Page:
So what was the result?

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The exciting nerdiness of neuroplasticity!

you-cant-teach-an-old-dog-new-tricks-false-dogs-of-all-ages-can-learn-new-tricks-if-properly-instructed.jpg

In 1928, a brain researcher definitively stated that as a brain aged it got “stuck” or set in its ways, and we believed that for a long time. In 1980, however, a young doctor named Ian Robertson was puzzled by the improvement of people with recent strokes. It didn’t fit the accepted idea that the adult brain was done learning & changing. He discovered that this old idea was wrong.  “I can look back on giving lectures at Edinburgh University to students where I gave wrong information, based on the dogma which said that, once dead, a brain cell cannot regenerate and plasticity happens in early childhood but not later,” he says.

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Monkey see, monkey do.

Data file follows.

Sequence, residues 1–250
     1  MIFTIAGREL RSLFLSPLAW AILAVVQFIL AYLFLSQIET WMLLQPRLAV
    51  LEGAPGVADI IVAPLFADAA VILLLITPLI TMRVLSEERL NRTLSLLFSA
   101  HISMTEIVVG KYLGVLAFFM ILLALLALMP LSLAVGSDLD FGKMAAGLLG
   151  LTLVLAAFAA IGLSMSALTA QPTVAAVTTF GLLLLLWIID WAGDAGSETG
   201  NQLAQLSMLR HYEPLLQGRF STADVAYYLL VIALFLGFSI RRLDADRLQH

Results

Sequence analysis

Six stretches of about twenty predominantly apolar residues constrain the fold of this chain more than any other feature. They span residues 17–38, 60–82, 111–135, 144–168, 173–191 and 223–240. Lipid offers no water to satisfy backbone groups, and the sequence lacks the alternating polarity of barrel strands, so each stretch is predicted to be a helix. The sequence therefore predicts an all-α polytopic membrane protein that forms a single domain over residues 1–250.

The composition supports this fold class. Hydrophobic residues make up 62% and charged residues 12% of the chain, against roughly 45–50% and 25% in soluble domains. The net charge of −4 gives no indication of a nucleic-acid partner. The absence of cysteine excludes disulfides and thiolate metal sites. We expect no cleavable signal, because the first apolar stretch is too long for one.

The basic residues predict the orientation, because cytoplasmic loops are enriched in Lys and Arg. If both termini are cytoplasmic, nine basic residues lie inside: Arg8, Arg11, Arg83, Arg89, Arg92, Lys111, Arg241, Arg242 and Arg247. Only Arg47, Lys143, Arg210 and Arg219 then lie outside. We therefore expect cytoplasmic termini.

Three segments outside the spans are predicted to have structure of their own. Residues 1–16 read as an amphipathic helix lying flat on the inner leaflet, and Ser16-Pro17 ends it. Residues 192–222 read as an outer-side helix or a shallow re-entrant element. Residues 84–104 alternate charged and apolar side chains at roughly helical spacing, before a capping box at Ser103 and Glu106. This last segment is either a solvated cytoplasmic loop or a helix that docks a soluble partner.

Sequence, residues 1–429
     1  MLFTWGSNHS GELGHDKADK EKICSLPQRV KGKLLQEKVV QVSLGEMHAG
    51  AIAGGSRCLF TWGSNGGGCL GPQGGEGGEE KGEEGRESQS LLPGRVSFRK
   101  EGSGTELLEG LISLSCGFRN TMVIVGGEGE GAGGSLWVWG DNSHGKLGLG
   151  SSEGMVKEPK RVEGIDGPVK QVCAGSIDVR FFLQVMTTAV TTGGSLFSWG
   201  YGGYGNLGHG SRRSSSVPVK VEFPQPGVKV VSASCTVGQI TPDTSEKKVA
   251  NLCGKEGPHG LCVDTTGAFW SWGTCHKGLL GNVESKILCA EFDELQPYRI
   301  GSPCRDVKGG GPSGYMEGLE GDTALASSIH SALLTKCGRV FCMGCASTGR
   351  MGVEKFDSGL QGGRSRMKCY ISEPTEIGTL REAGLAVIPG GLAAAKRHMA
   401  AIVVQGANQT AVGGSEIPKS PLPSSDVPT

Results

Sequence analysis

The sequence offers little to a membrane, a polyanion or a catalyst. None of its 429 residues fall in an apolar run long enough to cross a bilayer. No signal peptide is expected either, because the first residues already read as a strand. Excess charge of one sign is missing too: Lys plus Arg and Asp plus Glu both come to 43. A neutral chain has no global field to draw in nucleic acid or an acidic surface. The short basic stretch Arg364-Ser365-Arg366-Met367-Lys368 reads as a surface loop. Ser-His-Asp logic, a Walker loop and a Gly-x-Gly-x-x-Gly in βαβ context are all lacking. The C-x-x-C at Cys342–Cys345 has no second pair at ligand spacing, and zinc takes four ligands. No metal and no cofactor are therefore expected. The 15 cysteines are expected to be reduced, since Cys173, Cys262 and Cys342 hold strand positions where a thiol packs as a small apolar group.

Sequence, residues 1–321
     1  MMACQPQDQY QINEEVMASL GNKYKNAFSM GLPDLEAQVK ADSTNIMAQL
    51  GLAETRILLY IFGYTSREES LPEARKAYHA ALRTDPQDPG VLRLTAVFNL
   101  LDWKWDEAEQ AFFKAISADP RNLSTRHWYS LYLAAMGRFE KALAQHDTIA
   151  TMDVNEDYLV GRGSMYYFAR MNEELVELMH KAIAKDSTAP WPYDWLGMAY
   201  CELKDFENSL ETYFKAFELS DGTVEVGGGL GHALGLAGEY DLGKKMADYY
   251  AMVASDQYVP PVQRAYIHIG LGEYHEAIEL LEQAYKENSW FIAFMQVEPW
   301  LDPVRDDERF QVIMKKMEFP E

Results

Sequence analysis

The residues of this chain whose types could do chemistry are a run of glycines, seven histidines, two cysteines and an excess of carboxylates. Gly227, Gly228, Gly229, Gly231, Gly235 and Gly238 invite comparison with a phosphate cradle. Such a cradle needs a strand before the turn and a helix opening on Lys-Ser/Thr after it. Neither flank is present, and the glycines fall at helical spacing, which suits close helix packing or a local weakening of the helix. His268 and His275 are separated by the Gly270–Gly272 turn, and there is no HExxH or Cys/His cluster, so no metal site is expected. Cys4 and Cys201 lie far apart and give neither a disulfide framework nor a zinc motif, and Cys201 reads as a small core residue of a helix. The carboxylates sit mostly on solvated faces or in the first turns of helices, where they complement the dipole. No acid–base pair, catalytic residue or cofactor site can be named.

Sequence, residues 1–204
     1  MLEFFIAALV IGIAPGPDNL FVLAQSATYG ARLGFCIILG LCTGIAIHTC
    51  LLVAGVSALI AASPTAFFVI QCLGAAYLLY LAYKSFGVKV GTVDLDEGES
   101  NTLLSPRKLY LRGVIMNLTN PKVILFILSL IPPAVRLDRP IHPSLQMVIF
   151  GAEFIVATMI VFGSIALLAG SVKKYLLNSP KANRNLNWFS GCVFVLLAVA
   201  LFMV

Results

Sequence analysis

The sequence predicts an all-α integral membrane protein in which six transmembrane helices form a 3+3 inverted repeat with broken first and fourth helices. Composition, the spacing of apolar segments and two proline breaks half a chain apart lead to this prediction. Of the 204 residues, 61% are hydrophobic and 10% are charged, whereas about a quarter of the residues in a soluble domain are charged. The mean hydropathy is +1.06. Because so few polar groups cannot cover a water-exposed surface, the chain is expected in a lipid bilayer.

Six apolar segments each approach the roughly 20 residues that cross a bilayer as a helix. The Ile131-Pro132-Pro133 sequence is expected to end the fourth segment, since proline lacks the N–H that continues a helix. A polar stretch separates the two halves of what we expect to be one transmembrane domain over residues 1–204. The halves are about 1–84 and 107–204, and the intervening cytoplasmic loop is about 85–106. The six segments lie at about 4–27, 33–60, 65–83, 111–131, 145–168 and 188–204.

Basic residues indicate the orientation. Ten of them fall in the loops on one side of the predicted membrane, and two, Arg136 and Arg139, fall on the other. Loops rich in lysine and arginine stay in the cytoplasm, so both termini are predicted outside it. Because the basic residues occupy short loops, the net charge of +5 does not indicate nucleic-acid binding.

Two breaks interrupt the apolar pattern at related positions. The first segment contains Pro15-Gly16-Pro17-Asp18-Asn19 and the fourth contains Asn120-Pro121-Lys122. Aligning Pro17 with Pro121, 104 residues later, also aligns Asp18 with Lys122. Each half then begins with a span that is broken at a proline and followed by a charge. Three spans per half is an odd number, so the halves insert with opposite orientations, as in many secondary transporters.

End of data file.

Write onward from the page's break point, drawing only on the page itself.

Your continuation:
Source: Pinterest

Source: Pinterest

I am reading the great book Mindful Parenting, by Dr. Kristen Race.  In it, she talks about something researchers call mirror neurons, which are defined as such:

mirror neuron is a neuron that fires both when an animal acts and when the animal observes the same action performed by another. Thus, the neuron “mirrors” the behavior of the other, as though the observer were itself acting.

As you can imagine, chameleons must be chock full of this things!  But what is really interesting is that these are also in humans.

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Nature or nurture? Either way it’s your parents’ fault.

images-5We are living in interesting times.  It seems at least once a month scientists discover a new gene that causes something, and yet at that same rate find a behavior that we previously thought was genetic is actually learned.  The more we learn about both nature & nurture, we still stay exactly on the fence about which is dominant.  For everyday usefulness, however, nature can’t hold a candle to nurture.